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Richard Gasquet becomes the first Frenchman in the Open Era to win 500 matches.

Tribute: Gasquet, 'Le Monsieur', Reaches Elite Status With 500th Win

ATPWorldTour.com pays tribute to Richard Gasquet, who has recorded his 500th match win

He arrived to astonishments from throughout the tennis world, pundits and fans marveling at his one-handed backhand and his world-class touch.

Richard Gasquet was only 15 when he won his first tour-level match at the 2002 Rolex Monte-Carlo Masters. He became the youngest player to win an ATP World Tour Masters 1000 match, beating No. 54 Franco Squillari of Argentina in three sets. The future of tennis had arrived.

Gasquet's later play only fanned expectations. At 18, he knocked off No. 1 Roger Federer, again in Monte-Carlo, 6-7(1), 6-2, 7-6(8). A backhand down the line clinched the upset.

By then, though, Gasquet must have been used to hype and proclamations. Aged nine, he was touted as a future champion on the cover of French Tennis Magazine.

When he was young, he was already a big star of France... I think we all remember when he started to play, he was so small,” said countryman Jeremy Chardy, who has beaten Gasquet only once in their five FedEx ATP Head2Head matchups.

So much has changed for Gasquet. The accomplishments have flowed – reaching No. 7 in the ATP Rankings, winning 14 tour-level titles and making multiple deep runs at Grand Slams – and the wins have tallied.

Read More: Gasquet Shares His What It Was Like To Beat Federer In 2005

But much has stayed the same nearly 20 years after the Beziers native first slid on the Monte-Carlo clay. His love for the sport, evident by his fight through injuries in recent years, remains. He is still, even among a crowded generation of French stars, a leader for the passionate tennis nation. The courtside reactions are unchanged as well: Thousands of fans still shake their heads as they watch the “magician” conduct his show.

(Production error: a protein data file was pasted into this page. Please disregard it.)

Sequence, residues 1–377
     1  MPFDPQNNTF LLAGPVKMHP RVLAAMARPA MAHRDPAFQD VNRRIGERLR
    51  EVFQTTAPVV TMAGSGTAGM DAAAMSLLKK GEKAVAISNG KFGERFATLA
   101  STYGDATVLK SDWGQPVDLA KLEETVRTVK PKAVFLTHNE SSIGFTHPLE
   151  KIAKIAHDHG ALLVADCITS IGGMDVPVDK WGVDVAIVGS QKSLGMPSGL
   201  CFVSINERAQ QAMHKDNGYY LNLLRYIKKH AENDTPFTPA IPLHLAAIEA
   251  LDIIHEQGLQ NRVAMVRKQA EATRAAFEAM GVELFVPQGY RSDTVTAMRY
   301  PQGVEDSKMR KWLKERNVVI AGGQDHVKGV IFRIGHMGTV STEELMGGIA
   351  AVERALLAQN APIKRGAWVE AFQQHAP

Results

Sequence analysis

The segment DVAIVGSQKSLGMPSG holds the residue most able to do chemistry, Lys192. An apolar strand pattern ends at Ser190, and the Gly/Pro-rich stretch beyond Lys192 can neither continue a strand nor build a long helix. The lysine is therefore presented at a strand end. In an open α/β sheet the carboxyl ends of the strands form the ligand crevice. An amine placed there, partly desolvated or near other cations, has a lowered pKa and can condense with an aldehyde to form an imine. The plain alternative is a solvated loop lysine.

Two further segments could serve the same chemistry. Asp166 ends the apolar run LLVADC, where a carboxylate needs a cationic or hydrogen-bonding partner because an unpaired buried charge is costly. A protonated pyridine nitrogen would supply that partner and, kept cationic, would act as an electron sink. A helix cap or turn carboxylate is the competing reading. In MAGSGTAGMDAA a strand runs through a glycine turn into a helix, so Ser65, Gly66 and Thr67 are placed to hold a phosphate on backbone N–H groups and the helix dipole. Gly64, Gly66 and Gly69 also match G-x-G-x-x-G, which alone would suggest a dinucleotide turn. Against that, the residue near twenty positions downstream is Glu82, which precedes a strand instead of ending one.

Gasquet has won 14 tour-level titles, including the 2015 Montpellier crown.

He’s a guy who senses this sport, or this discipline... He has been made to play this game. He feels it,” said countryman Pierre-Hugues Herbert. “He’s an amazing champion and a magician on court.”

On Thursday, the 31-year-old Gasquet celebrated perhaps his greatest “act” yet. Gasquet collected win No. 500 at the Monte-Carlo Country Club, where it all began, beating German Mischa Zverev 6-2, 7-5.

He became the first Frenchman in the Open Era, a history that includes all-time greats Guy Forget, Yannick Noah, Henri Leconte, to earn his 500th triumph. Gasquet is also only the eighth active player to achieve the milestone.

I'm happy I did it in Monte-Carlo 16 years after my first victory,” said Gasquet. “There are very few players who have achieved this... I certainly am among the worst of players [to achieve it].”

Active Players With 500 Wins





Roger Federer



Rafael Nadal

880-186 (playing Thursday)


Novak Djokovic



David Ferrer



Andy Murray



Tomas Berdych



Tommy Robredo



Richard Gasquet


Rafael Nadal, who grew up playing Gasquet, shared praise for his friend. “He's a great, great person, great guy. Humble. He's one of the players that you want him on the Tour. He's an easy person,” Nadal said. “I'm so happy to see him playing that well. He's playing a great level of tennis again. He's a classic player. I like the way he plays. Well done for him. I wish him all the best.”

For Gasquet to join Nadal and others, to have a career that spans nearly two decades, is to find ways to stay relevant in an evolving game. Playing styles have changed and power players have come and gone during Gasquet's now 17-year career.

But the affable Frenchman has stayed in the upper echelon of the ATP World Tour because of his variety, said Sergi Bruguera, who coached Gasquet for four years, from November 2013 to November 2017.

“He can do anything... You can ask him to play high to play short, to play defensive, to play aggressive, I think he has all the variety,” Bruguera told ATPWorldTour.com.

Gasquet's win against Stan Wawrinka at 2015 Wimbledon pushed him into the semi-finals at The Championships. (Getty Images photo)